In the emergency departments of some hospitals, the number of injuries associated with e-scooters is now comparable to that of cycling injuries. This is against a backdrop of what is believed to be the limited release and use of e-scooters. Any increase in usage will no doubt bring more accidents and more injuries.
Calls for a moratorium
The Police and Crime Commissioner for Kent, Matthew Scott, has called on the Secretary of State for Transport, Grant Schapps, to halt the trials currently being conducted in urban areas. He warned that the police are ‘in danger of losing control’ of the use of public roads, so great is the number of people using e-scooters illegally.
Other road user groups have echoed the call for a moratorium on the trials, most notably those representing blind and partially sighted pedestrians who are particularly vulnerable to poor road use and haphazard parking of e-scooters.
TIER says that to ‘further enhance the protection of vulnerable road users, we have committed to introducing a sound alert on our scooters to warn blind and partially sighted people of a scooter’s approach’. This is expected sometime this year, but begs the question as to why e-scooters were not fitted with such measures prior to release.
Further promises revolve around parking apps and response apps for riders involved in incidents. The technological advances for trial scooters within the next year might offer reassurance to some, but are unlikely to go far enough to encourage public confidence. There remain plenty of illegally ridden e-scooters in our towns and cities that do not have access to this kind of technology.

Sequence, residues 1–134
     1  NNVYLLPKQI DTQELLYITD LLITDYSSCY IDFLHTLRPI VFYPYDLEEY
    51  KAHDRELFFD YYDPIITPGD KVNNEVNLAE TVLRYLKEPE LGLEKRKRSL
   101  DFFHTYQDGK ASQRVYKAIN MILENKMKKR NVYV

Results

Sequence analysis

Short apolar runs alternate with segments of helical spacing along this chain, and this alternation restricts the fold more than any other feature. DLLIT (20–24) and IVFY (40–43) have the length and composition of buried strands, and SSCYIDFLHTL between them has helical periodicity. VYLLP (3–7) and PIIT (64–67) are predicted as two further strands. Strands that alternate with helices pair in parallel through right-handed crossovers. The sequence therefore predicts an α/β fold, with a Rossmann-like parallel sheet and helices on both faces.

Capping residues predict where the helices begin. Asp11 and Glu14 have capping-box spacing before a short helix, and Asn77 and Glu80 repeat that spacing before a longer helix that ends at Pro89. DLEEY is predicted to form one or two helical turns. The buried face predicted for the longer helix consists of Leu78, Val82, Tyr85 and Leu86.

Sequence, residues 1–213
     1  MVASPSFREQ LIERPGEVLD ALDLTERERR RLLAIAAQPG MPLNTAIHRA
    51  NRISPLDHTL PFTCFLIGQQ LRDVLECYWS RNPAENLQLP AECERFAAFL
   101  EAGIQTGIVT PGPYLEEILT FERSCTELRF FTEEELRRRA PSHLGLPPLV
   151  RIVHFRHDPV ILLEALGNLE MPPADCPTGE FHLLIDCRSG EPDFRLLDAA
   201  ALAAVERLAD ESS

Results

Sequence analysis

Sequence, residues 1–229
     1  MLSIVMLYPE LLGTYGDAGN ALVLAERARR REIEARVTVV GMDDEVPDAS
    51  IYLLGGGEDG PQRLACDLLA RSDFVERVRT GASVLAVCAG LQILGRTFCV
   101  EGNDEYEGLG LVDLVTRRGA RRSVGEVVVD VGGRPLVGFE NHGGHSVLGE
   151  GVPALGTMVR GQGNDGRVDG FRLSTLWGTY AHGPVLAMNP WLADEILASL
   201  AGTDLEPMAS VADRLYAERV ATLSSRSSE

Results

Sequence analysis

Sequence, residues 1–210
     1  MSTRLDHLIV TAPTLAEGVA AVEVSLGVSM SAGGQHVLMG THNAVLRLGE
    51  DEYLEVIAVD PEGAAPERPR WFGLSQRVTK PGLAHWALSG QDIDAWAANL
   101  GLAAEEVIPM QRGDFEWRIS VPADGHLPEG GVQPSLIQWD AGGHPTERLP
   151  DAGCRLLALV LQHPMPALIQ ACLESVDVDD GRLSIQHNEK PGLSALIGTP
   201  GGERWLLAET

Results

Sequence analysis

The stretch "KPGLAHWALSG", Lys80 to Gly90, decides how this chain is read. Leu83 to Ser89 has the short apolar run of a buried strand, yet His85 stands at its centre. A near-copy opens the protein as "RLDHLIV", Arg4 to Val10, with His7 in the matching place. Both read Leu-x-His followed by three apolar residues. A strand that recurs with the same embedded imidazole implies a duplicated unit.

Benefits of e-scooter use
Calls for a halt in the use of e-scooters seem to have gone unheeded to date. Given their widespread use both in the UK and internationally, it would seem unrealistic to suggest that the genie can now be parked safely back in the bottle. There are so many legally purchased vehicles in circulation that it would seem impossible in the long term to prevent them from being used.
Supporters point out that they are an environmentally friendly form of transportation, which takes the pressure off the road system (albeit some have concerns that the method of manufacture and likely lifetime of e-scooters raise questions about their green credentials). In addition, in a post-pandemic era, they enable people to travel alone rather than take public transport.
Both the government and TfL support e-scooters to help drive down the use of cars and promote a more sustainable transport system. This, plus the fact younger riders regard them as an affordable alternative to cars, means they are set to become a feature of our roads for some time to come. With this in mind, how should the concerns of the police and road user groups be assuaged?
Proposals for change
The BMJ study concluded that in the light of the significant number of head and facial injuries experienced by riders, the mandatory use of helmets would reduce the risk of injury and the severity of injuries that occur. Given what we know about cyclists’ use of cycle helmets, this would appear to be something of a ‘no-brainer’. Put simply, there is no compelling reason why head protection should not be worn by riders who would reduce their risk of significant injury by doing so.
The study also suggested the confinement of riders to cycle lanes, where available, in the light of the comparable speeds of the two forms of transport. The authors of the study suggested riders would be safer if they shared road space with vehicles travelling at a similar speed. This recommendation is linked to the theory that some of the accidents involving e-scooters occur as a result of their superior manoeuvrability. This leads riders to weave in and out of traffic in a way that leaves them vulnerable to the movement of larger, more ponderous and less fragile road users.